When Softbank cut into the Japanese mobile market in 2006, it was also a newcomer to the business, but went on the offensive immediately with a host of new plans under a “Beyond Expectations” slogan, and a promise to offer the lowest prices in the industry. When rivals responded by dropping their prices, Softbank often responded within hours with a cheaper option.
“Softbank is likely to drop prices, as it has in the past” if a deal goes through, said Hideyuki Yokoya, a mobile analyst at MM Research Institute in Tokyo. “It is then good at communicating with consumers in a way that is easy to understand.”
The company has a reputation in Japan for over-the-top advertising. It hired Brad Pitt and Cameron Diaz to star in commercials announcing its arrival as a mobile operator and used talking cats to explain its early pricing options. The company’s current, long-running campaign features a mostly Japanese human family whose father is somehow a surly white dog, now a minor celebrity in the country.
Softbank Mobile, its cellular arm, already offers prices in Japan that are lower than those at Sprint. A 16GB iPhone 5 on an unlimited-data, two-year contract costs a total of about $2,200 over the length of the contract at Sprint, compared to about $2,000 at Softbank, though voice prices vary. This is despite the yen hovering at near-record highs against the dollar, which inflates Japan prices as viewed from the U.S.: The newest iPad is about 10 percent more expensive in Japan in dollar terms.
In Japan, main rivals NTT DoCoMo and KDDI have often had no recourse but to match Softbank. The company’s no-frills “White Plan” offered basic services for 980 yen (US$12.50) in 2007, a then-unheard-of price in the industry, and 10 million subscribers had signed up less than a year later. Now all three carriers offer 980-yen plans.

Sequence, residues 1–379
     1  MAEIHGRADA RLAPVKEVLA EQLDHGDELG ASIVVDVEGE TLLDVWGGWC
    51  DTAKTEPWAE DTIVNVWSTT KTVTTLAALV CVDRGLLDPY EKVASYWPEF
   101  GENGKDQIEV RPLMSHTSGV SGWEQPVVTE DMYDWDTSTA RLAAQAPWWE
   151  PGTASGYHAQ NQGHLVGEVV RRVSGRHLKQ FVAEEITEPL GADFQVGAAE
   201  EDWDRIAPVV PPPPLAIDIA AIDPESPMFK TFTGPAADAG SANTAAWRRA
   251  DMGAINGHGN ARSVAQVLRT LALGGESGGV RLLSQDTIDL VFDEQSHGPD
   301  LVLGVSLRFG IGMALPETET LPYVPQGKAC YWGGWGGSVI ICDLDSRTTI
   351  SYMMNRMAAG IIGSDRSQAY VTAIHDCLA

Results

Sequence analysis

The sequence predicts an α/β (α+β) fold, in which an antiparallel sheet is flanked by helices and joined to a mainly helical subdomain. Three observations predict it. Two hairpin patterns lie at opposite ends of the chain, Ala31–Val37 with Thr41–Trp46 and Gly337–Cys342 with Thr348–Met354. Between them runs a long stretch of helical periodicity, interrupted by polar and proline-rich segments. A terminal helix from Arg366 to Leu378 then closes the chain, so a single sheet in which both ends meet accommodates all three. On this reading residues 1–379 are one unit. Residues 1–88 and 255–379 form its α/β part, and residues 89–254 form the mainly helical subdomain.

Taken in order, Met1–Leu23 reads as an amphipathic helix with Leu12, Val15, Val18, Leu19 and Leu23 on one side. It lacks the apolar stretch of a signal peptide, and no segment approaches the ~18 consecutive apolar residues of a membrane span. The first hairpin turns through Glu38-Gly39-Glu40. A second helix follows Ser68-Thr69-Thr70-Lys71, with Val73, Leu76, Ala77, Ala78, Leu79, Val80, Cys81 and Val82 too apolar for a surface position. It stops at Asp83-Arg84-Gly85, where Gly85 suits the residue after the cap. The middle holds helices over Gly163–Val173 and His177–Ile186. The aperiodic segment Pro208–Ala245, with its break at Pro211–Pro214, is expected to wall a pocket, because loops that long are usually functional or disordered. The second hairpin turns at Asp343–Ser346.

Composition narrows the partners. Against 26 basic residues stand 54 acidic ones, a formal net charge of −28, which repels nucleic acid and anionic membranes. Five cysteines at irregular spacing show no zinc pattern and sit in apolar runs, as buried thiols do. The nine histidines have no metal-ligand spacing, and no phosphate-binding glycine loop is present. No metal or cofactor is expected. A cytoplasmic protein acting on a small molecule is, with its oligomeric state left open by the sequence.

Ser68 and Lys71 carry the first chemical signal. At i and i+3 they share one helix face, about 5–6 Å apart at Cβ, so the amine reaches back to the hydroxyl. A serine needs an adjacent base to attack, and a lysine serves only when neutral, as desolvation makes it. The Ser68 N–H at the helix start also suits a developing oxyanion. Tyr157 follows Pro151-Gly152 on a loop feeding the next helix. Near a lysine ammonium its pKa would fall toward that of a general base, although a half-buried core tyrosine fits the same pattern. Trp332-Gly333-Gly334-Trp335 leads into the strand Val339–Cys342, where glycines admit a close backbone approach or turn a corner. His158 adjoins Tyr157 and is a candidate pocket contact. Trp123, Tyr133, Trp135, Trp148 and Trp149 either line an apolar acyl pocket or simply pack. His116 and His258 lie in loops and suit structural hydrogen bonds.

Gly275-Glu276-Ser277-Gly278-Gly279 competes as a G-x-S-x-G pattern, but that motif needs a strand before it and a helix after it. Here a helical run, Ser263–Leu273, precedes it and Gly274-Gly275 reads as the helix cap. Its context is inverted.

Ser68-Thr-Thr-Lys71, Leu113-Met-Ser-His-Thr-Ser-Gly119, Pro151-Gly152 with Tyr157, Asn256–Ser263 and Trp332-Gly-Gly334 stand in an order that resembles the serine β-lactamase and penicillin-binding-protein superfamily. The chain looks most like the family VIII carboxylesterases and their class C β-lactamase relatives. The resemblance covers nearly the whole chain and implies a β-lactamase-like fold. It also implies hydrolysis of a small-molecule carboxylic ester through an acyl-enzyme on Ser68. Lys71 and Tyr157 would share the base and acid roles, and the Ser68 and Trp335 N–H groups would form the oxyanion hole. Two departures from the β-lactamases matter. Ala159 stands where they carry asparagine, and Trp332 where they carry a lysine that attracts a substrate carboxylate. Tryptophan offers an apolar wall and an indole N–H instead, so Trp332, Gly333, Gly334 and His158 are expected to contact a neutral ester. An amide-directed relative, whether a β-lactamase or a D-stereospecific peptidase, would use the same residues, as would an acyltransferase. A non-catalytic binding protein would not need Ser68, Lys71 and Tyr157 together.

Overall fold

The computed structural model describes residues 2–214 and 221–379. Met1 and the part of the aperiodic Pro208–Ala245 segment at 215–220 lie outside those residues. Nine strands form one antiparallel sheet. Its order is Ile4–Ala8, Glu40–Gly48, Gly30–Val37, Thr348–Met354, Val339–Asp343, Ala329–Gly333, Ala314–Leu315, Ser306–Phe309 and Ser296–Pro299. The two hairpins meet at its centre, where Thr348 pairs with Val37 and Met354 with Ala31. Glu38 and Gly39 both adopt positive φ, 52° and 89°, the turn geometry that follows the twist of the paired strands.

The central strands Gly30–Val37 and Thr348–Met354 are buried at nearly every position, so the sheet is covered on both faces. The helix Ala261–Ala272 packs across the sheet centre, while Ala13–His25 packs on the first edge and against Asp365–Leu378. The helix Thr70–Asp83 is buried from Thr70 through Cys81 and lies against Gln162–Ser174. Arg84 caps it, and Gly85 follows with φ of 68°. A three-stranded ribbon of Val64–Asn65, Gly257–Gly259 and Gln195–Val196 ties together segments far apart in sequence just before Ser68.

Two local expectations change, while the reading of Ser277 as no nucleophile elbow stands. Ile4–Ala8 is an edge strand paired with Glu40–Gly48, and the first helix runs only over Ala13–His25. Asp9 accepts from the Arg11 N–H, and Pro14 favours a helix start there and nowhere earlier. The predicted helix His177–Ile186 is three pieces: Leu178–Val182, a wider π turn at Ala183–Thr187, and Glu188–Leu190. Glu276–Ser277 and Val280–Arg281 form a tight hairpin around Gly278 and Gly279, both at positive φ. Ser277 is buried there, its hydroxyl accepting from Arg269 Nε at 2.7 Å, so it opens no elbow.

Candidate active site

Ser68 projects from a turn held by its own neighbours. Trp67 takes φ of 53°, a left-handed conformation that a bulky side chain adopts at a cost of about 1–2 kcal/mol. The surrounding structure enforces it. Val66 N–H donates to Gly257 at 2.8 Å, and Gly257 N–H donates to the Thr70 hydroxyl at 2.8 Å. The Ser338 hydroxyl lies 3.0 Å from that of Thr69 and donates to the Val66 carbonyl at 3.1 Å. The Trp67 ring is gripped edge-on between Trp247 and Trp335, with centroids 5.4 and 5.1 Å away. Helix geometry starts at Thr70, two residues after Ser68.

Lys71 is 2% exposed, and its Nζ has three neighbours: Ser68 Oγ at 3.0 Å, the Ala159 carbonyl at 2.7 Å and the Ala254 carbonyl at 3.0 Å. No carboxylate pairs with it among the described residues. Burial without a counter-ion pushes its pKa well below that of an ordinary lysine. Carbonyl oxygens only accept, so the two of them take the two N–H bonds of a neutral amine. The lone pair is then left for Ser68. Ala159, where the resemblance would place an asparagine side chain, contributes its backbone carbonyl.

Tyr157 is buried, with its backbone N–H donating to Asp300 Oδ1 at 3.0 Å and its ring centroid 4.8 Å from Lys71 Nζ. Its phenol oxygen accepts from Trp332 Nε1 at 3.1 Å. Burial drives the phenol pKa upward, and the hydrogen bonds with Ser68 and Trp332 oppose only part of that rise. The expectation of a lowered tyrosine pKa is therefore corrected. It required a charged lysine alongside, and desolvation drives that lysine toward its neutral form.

“The company finds a few specific points to focus on and engages competitors on those, including price,” said Hironori Amano.
In fashion-conscious Japan, phones are often seen as accessories, and many operators have long sold their handsets in a variety of colors. Not to be outdone, Softbank once launched a mobile phone in 20 different colors at the same time.
Prior to entering the mobile market, Softbank employed a similar strategy in fixed-line Internet, undercutting rivals and waging aggressive campaigns with piles of free modems for new subscribers in front of busy stations. In addition to its mobile and fixed-line Internet firms, the company runs host of Internet properties including Yahoo Japan, Ustream, and a major investment website—and its own baseball team.
If it successfully acquires Sprint, the newly combined company will gain much more leverage when making purchases from handset makers and the companies that make cellular equipment, as both Sprint and Softbank continue to roll out their next-generation LTE networks.
“The company should be able to get lower prices, and offer more savings to customers,” said Amano.
Softbank also has a knack for oddball products that capture the imagination. Earlier this year, in the wake of Japan’s nuclear disaster, the company announced a phone with a built-in radiation detector. In 2007 it secured a deal with Walt Disney Japan and started its Disney Mobile service, which still offers Mickey-branded handsets with special wallpaper and icons.
The company’s years of experience in the Japanese market could also help it introduce new technologies in the U.S. One example is NFC (near field communication) touch-card technology, which has long come as standard on mobile phones in Japan, said MM Research’s Yokoya.
“NFC is starting to take off in the U.S. Softbank has lots of experience in this area,” he said.
U.S. mobile operator Sprint and Softbank have said they are in negotations for Softbank to make a possibly “substantial investment” in Sprint, and news reports have said Softbank may then try to use Sprint to go after MetroPCS.
Earlier this month, Softbank announced it had sealed a blockbuster deal to acquire smaller domestic rival eAccess to help expand its mobile data network.
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